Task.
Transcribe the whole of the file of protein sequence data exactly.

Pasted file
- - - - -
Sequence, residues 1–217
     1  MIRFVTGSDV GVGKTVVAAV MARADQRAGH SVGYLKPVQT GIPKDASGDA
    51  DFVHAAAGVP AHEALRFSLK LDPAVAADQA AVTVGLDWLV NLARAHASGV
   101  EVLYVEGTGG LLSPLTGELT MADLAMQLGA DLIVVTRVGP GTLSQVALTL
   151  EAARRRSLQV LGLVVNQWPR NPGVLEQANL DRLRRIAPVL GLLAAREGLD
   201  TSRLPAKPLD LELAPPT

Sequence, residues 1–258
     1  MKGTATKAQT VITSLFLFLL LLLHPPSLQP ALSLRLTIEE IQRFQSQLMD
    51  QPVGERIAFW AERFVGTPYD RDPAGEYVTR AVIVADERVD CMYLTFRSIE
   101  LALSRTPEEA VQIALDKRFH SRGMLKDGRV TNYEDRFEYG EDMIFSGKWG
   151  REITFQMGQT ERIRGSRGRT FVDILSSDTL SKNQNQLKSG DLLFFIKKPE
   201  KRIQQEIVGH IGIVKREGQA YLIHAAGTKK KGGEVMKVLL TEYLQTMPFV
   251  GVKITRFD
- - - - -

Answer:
Sequence, residues 1–217
     1  MIRFVTGSDV GVGKTVVAAV MARADQRAGH SVGYLKPVQT GIPKDASGDA
    51  DFVHAAAGVP AHEALRFSLK LDPAVAADQA AVTVGLDWLV NLARAHASGV
   101  EVLYVEGTGG LLSPLTGELT MADLAMQLGA DLIVVTRVGP GTLSQVALTL
   151  EAARRRSLQV LGLVVNQWPR NPGVLEQANL DRLRRIAPVL GLLAAREGLD
   201  TSRLPAKPLD LELAPPT

Sequence, residues 1–258
     1  MKGTATKAQT VITSLFLFLL LLLHPPSLQP ALSLRLTIEE IQRFQSQLMD
    51  QPVGERIAFW AERFVGTPYD RDPAGEYVTR AVIVADERVD CMYLTFRSIE
   101  LALSRTPEEA VQIALDKRFH SRGMLKDGRV TNYEDRFEYG EDMIFSGKWG
   151  REITFQMGQT ERIRGSRGRT FVDILSSDTL SKNQNQLKSG DLLFFIKKPE
   201  KRIQQEIVGH IGIVKREGQA YLIHAAGTKK KGGEVMKVLL TEYLQTMPFV
   251  GVKITRFD